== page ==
Who knew? Actually, I knew that the names of the Hebrew months were derived from Babylonian names, and I also knew that there was a controversy over the name of the Hebrew month which follows Tishrei, commonly known as "Cheshvan," or sometimes "MarCheshvan," with various and sundry explanations for the prefix "mar," which means 'bitter,' or could possibly mean 'droplet' as in 'water droplet.' The common explanation given is that, in the first case of 'mar' meaning 'bitter,' we refer to this month as bitter because there are no holidays in it, and it comes right after the month of Tishrei, chock-full of Holy Days, from Rosh Hashana to Shmini Atzeret/Simchat Torah (with Yom Kippur and Sukkot in between, to boot). In the second meaning of 'mar,' meaning a droplet of water, the reference is to the rainy season starting in the month of Cheshvan, which actually is a blessing--one hundred eighty degrees opposed in tone to explanation no. 1!
But here comes a researched article in the Orthodox Union's Jewish Action Magazine (which we used to receive when we were members. I miss it...) which indicates everyone has been wrong, on both sides. And the real, original name of Cheshvan--can't use this anymore--is M'rachSh'van; a little hard to pronounce, but, hey-we can handle it. Don't forget to read the entire article, linked above. Here's an excerpt.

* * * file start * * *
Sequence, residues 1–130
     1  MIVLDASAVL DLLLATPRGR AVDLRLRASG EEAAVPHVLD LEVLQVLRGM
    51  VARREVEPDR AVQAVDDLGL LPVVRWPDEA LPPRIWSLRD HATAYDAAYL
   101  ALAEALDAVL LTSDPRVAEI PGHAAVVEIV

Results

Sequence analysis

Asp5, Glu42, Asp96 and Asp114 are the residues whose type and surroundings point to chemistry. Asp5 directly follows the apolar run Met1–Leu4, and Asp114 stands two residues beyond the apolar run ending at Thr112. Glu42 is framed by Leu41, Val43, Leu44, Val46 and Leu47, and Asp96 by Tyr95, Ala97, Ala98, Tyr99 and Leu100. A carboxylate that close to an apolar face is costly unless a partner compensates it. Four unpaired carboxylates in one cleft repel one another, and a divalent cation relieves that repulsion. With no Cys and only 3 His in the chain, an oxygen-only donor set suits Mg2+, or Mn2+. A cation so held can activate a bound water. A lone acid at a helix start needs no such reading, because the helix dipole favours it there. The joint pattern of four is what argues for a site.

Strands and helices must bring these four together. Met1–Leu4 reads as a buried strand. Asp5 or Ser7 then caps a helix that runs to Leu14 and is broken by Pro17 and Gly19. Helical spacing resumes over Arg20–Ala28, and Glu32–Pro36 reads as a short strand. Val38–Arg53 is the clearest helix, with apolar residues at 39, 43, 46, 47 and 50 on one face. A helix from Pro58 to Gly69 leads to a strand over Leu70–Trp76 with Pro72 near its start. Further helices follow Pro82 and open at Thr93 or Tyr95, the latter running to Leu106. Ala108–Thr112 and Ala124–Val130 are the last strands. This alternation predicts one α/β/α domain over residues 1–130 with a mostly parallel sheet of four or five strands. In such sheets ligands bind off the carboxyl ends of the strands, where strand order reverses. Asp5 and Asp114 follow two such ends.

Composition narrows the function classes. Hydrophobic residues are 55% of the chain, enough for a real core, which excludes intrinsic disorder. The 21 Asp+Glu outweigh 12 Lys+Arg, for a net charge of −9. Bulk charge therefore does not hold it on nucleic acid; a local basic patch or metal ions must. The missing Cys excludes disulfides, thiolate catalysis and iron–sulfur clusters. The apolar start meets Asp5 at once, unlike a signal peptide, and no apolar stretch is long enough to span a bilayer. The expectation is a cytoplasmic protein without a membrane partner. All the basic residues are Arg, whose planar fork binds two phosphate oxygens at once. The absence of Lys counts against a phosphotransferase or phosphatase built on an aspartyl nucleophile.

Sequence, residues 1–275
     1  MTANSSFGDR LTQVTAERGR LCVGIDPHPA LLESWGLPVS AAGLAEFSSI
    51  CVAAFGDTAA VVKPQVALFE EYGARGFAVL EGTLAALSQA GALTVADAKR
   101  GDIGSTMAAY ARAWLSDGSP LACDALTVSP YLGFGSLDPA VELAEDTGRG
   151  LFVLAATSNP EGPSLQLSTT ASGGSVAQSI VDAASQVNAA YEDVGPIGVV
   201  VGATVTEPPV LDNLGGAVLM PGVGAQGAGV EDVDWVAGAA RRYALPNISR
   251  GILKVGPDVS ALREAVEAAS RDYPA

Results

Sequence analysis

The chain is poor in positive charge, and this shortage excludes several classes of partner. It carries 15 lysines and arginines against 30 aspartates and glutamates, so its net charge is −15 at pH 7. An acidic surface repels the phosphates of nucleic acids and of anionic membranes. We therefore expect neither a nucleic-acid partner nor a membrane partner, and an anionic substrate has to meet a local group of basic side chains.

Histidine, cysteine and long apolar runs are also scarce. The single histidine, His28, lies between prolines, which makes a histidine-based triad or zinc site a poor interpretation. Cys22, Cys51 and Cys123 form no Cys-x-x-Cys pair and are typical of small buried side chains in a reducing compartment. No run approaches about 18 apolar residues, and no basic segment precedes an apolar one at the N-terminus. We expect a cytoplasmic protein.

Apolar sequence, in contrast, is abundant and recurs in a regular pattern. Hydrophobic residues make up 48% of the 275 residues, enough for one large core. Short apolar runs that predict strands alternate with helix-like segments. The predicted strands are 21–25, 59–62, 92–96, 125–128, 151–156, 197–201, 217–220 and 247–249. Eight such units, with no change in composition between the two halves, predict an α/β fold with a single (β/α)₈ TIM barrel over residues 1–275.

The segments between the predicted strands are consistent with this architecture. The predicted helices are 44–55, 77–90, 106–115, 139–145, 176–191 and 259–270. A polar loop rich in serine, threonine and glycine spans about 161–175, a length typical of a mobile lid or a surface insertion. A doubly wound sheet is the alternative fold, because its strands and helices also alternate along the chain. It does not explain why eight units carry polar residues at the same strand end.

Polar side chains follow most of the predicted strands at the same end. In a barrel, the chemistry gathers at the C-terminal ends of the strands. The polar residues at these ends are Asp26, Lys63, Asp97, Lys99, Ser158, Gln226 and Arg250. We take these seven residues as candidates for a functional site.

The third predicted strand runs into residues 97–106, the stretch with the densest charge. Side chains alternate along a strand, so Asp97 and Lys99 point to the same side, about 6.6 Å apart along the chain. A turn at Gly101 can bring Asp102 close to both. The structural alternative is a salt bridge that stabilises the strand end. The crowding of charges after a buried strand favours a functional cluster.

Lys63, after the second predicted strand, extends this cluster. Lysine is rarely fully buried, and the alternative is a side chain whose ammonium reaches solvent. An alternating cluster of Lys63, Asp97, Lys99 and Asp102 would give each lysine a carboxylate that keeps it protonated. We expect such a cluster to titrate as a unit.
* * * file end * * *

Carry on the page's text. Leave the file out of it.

Misconception: The complete and correct name for the month following Tishrei is Cheshvan, and it is a quaint tradition to call it Mar Cheshvan because it is bitter (Hebrew: mar) due to its lack of holidays.Oh, and read about the interesting customs which grew up around the erroneous explanations, such as not getting married in MARCheshvan, because it's a bitter month.
Fact: The correct name for this fall month is the one word Marcheshvan/M’rachsh’van1 (Aruch Hashulchan, Even Ha’ezer 126:17).
Background: The Bible usually refers to the months by their ordinal numbers, although occasional ancient Israelite names are also used.2 The currently used Jewish names for the months were imported from Bavel (Babylonia),3 and many of them appear in post-exilic books of the Bible.4 Some of these are derived from the names of ancient gods, such as Tammuz which is thought to come from the Assyrian Du-mu-zu, an Egyptian god, and is mentioned as the name of an idol in Ezekiel (8:14).5
Marcheshvan is probably derived from its location in the calendar. In Akkadian (Babylonian/Assyrian), “w” (vav) and “m” (mem) sounds can interchange. As a result, Marcheshvan which is from the two words “m’rach” and “shvan,” would have been “warh” and “shman,” in Akkadian, corresponding to the Hebrew “yerech shmini,” thus “eighth month.”6 In the Yemenite tradition, the name of the month is pronounced Marach-sha’wan, not Mar-cheshvan as in the Ashkenazic tradition, and this would seem to preserve a greater fidelity to the original.
Our 44th anniversary is coming up soon. Guess we missed that memo...